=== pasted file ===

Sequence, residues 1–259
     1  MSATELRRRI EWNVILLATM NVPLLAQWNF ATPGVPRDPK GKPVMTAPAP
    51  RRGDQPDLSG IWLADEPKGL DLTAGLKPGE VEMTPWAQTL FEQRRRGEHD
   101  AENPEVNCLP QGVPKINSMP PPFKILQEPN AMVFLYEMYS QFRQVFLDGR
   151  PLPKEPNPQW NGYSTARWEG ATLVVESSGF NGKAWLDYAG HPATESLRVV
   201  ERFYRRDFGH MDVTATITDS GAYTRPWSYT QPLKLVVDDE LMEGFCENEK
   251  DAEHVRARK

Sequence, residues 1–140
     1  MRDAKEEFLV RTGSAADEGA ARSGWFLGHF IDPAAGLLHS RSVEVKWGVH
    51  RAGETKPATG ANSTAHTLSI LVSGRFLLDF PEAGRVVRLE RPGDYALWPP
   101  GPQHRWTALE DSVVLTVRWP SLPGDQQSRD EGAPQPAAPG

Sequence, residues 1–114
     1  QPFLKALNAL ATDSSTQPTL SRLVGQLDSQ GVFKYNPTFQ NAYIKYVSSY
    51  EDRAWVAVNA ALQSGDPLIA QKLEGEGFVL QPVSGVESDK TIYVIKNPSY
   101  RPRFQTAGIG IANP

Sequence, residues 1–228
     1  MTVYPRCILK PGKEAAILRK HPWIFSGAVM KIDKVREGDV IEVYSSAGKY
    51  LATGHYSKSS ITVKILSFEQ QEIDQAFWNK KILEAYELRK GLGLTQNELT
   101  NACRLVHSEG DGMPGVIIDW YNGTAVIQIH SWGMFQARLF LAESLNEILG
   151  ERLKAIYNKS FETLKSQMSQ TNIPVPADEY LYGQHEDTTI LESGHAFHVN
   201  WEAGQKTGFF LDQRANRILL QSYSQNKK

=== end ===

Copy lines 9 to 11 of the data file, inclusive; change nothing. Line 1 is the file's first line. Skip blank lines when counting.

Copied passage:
     1  MRDAKEEFLV RTGSAADEGA ARSGWFLGHF IDPAAGLLHS RSVEVKWGVH
    51  RAGETKPATG ANSTAHTLSI LVSGRFLLDF PEAGRVVRLE RPGDYALWPP
   101  GPQHRWTALE DSVVLTVRWP SLPGDQQSRD EGAPQPAAPG